Divorce for Men Unlike women who often seek out comfort from friends and family when

going though difficult times, divorces for men are often very private affairs. Many men don’t realize that there are people who can help them find the resources to deal with and understand the emotional and legal ramifications of ending their marriages. If you are a man going through a divorce, understand that seeking help does not indicate a sign of weakness; instead, it shows you care enough for yourself and your children to get the help you need Attorney James Quigley, a partner in the law firm of Beermann Swerdlove LLP, 2006 http://divorce.lovetoknow.com/Divorce_for_Men

How Divorce Affects Men's Health
From About.com Updated: August 01, 2006 About.com Health's Disease and Condition content is reviewed by the Medical Review Board

Research into the effects of divorce on men's health is fairly scant. What evidence exists reveals that men find divorce more emotionally problematic than women. Suicide rates, for example, are up to six times higher in men who are separated or divorced compared with those who are still in a relationship. Men appear much less emotionally prepared for separation. In large part this may be due to the fact that most break-ups are started by women. During the emotional upheaval that often follows, men are fairly poor at expressing a range of emotions, which may appear to reveal them as angry and/or indifferent. Men also react differently to women when they are depressed so their real emotional state may not be clear.

Just under half of all first marriages end in divorce. Where children are involved the emotional strain can be much harder on men. In most cases of divorce or separation small children stay with their mothers. To date, nearly all research into so-called single-parent families is focused on single-mother families. With relatively few exceptions men who bring up their own children are pretty much ignored. Men who are not in this position and who wish to retain a strong emotional bond with their children face many barriers. The rate of divorce coupled with the few known effects on men's health points to an urgent need for greater understanding about how divorce and separation affects men's health.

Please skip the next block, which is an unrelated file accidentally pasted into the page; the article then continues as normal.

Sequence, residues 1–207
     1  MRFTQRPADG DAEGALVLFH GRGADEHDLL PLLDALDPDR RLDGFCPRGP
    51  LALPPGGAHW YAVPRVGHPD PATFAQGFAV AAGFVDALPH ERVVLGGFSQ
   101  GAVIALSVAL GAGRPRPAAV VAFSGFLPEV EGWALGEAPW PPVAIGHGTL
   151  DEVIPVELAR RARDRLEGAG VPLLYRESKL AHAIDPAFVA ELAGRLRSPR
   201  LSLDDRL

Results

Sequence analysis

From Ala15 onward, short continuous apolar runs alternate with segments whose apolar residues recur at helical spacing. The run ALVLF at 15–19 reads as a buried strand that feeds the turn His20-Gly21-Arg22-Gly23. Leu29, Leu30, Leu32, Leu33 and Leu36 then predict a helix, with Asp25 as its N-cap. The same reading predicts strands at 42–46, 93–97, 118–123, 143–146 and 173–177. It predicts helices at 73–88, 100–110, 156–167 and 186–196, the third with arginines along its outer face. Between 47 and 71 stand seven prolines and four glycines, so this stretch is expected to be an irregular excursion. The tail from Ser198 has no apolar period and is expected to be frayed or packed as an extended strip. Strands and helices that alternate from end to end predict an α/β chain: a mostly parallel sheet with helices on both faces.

Factors affecting men in divorce and why

Men in particular often come out of the divorce process feeling aggrieved and embittered. A very common scenario is that the house is transferred to the wife's sole name, the children live with the wife and the husband pays maintenance for the children until they leave full time education while at the same time losing meaningful contact with them. All too often the man feels he has lost everything under such circumstances - wife, home and children and that what he has spent years building up has suddenly been snatched away from him.

This situation can be made to feel infinitely worse if the man feels the wife has been to "blame" for the break-up by, for instance, committing adultery. He very often feels that this "fault" ought to be taken into account in some way.

To understand why this happens so often it is important to know precisely how the divorce process works. There are, in effect, three SEPARATE issues. Firstly, there is the divorce itself. This is the process by which the marriage is brought to an end so that the parties are free to re-marry. The conclusion of this process is the decree absolute. Secondly, there is the process by which the marital assets are divided and financial provision is made for all the parties affected. This is described as "ancillary relief" although, in practice, it is often the most contested part of the proceedings and is very much central rather than ancillary. This part of the process may go on long after decree absolute has been granted. Thirdly, there may be proceedings relating to children - who the children are to live with, contact arrangements with the absent parent etc. Very often matters relating to children are resolved amicably and by agreement which is by far the best way. But if they are not and a court is asked to decide questions of residence and/or contact these proceedings can be very bitter indeed.



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